July 16, 2019

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Governor Brainard Discusses Financial Inclusion, Fintech, and Reforms to the Community Reinvestment Act

On October 17, 2018, Federal Reserve Board Governor Lael Brainard discussed the potential for financial innovation, and in particular, fintech products and services, to foster financial inclusion of underserved families and small businesses.  She has frequently addressed the importance of fintech, including cryptocurrencies, digital currencies and distributed ledger technologies and the role of banks in fintech innovation.  Governor Brainard explained the need for a more nuanced approach to financial inclusion that focuses on an individual or business’s holistic financial health, instead of just access to accounts or access to credit.

Governor Brainard highlighted mobile apps, online- and phone-only accounts, and machine learning as tools that banks and fintech companies are offering to help improve financial access for the unbanked or underbanked.  She also discussed the role of the Board of Governors of the Federal Reserve System (“Board”) in financial inclusion, and suggested that it is the Board’s responsibility to facilitate safe, innovative, and ubiquitous faster payment systems.  Governor Brainard has previously called for faster payment systems and the Board recently requested public comments on actions it could take to facilitate real-time payments.  She concluded by emphasizing the Board’s focus on maintaining consumer protection while supporting socially beneficial and responsible innovation.

Governor Brainard separately discussed the importance of providing financial access to underserved communities in a speech on October 15, 2018 regarding reform of the Community Reinvestment Act (“CRA”).  Governor Brainard encouraged the industry to comment on the OCC’s advanced notice of proposed rulemaking on revisions to the Community Reinvestment Act framework.  In her remarks, she said that the Board will review the comment letters in anticipation of a joint proposal with the OCC and the Federal Deposit Insurance Corporation, noting that she understands the importance of a single set of CRA standards.  Governor Brainard called for tailoring the CRA regulations to banks of different sizes and business models, and updating the assessment area standards by which a bank’s CRA performance is assessed to reflect technological developments, a theme she has championed in prior speeches (available here, here, and here).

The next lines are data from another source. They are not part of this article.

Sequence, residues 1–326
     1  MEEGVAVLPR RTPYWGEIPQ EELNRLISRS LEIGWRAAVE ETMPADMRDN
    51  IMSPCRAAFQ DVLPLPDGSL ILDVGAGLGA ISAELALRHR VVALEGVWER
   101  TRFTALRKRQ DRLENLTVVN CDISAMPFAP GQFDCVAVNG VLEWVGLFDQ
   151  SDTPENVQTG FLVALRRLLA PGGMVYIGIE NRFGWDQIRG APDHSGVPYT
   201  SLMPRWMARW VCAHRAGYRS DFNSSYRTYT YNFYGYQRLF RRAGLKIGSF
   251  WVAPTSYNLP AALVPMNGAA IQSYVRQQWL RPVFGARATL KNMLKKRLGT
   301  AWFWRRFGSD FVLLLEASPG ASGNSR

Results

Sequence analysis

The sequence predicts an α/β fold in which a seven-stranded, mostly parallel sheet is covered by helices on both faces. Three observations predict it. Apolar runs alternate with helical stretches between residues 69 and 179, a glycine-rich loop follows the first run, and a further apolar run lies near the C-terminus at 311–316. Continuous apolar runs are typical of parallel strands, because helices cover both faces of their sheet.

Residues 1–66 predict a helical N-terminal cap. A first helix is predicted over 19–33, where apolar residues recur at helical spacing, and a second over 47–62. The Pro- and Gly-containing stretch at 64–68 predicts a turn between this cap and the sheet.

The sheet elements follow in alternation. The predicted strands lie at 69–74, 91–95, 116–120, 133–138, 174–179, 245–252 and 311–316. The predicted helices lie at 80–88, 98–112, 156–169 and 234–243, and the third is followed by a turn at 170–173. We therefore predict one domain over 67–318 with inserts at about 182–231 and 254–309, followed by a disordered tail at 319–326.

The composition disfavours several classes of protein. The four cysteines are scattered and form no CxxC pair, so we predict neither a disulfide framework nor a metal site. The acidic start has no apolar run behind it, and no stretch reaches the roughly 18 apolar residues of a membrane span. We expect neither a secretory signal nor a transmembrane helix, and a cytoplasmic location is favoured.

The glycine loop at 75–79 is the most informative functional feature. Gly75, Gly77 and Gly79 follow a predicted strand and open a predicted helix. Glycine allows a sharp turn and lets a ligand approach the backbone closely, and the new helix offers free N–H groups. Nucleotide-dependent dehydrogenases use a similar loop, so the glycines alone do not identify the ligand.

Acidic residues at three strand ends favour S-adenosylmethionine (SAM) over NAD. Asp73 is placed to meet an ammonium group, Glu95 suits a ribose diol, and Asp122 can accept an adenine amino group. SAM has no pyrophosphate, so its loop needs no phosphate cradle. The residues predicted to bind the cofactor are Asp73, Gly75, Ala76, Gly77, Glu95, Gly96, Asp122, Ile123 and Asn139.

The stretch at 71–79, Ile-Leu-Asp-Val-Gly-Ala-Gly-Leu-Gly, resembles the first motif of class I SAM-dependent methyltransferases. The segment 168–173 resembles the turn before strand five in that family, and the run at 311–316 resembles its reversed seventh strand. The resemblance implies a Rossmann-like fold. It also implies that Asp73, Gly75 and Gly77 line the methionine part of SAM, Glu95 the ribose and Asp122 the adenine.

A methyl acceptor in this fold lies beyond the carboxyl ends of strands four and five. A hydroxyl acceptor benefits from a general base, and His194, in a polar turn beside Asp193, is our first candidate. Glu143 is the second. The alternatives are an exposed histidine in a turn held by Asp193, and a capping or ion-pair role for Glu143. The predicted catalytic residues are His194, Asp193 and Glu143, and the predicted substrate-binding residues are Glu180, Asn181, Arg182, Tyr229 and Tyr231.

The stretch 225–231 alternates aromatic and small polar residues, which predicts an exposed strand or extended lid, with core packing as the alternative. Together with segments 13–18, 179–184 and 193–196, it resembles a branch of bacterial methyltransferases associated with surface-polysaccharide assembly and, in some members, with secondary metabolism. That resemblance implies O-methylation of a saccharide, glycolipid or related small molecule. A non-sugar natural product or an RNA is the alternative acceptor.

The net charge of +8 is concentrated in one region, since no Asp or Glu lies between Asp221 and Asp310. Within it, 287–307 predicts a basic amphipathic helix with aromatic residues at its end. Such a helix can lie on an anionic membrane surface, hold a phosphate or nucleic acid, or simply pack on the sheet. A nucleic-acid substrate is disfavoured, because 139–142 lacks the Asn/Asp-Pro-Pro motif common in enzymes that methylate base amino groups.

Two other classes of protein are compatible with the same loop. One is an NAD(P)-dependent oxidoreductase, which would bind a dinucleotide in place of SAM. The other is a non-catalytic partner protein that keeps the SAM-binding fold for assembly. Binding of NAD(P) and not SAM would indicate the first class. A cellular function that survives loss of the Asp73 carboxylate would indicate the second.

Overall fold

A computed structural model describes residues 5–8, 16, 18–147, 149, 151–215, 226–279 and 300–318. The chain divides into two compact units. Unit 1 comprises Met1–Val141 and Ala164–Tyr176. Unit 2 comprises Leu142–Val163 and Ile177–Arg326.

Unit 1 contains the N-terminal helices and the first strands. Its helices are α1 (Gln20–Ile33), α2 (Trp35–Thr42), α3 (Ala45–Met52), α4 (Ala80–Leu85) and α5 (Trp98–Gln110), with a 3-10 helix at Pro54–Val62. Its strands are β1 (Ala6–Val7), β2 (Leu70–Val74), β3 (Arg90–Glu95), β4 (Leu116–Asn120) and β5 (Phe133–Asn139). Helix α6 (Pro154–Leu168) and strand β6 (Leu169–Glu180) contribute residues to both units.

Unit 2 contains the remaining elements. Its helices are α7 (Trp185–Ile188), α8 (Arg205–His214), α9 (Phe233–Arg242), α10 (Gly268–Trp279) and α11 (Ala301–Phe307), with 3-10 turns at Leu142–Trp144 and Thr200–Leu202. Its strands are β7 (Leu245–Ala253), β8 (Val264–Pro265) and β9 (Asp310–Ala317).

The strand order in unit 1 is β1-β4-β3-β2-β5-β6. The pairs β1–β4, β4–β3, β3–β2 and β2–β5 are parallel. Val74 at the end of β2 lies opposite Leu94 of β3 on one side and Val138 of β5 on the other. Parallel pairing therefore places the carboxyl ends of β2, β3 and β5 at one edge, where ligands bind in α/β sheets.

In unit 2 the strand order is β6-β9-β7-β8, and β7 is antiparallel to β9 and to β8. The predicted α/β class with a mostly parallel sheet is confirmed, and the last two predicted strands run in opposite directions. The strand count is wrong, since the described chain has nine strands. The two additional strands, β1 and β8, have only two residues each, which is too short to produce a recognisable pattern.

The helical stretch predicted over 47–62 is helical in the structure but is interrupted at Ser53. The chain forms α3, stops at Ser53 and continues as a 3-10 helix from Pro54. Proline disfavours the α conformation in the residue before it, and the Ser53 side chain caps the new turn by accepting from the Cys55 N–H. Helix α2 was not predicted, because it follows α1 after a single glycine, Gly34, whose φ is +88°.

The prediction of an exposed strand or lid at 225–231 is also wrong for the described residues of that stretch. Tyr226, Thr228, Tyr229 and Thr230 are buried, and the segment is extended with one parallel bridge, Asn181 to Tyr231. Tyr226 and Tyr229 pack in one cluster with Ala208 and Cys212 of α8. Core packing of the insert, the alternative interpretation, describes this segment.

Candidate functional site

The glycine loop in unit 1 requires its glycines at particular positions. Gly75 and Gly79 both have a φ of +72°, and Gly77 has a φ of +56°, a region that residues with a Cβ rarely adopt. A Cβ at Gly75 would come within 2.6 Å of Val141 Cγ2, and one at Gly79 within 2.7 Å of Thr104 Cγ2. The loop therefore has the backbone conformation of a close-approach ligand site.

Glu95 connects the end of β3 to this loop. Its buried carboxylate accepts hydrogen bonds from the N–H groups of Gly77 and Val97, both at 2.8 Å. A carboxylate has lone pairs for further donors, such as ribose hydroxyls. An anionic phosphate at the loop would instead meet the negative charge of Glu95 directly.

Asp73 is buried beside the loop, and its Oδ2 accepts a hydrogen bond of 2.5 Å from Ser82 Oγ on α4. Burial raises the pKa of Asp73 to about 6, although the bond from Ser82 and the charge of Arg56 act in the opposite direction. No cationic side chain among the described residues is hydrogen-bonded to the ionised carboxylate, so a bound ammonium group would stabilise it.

© 2019 Covington & Burling LLP


About this Author

David A. Stein, Covinton Burling, data and cybersecurity lawyer
Of Counsel

David Stein advises clients on retail financial services, credit reporting, financial privacy, payments, fair lending, and technology and e-commerce issues. He assists banks, non-bank lenders, consumer reporting agencies, payments and technology companies, and their vendors with regulatory, compliance, supervision, enforcement, and transactional matters.

Mr. Stein has significant experience advising clients on compliance with the FCRA, GLBA, ECOA, EFTA, TILA, TISA, FDCPA, Dodd-Frank Wall Street Reform and Consumer Protection Act, and FTC Act. Mr. Stein is a member...

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Aimee Ezzell, Covington Burling Law Firm Regulatory attorney

Aimee Ezzell advises clients on consumer financial services, credit reporting, and financial privacy. She assists banks, consumer reporting agencies, and their vendors with regulatory, compliance, enforcement, and transactional matters. She has experience with the FCRA, the Dodd-Frank Act, GLBA, DPPA, ECOA, and other federal and state laws and regulations, including state insurance privacy laws and security breach notification requirements.

Ms. Ezzell also practices in the energy regulatory area. She advises both regulated utilities and financial investors on the federal and state regulation of electricity, including obtaining regulatory approval for energy-related transactions, and rate filings.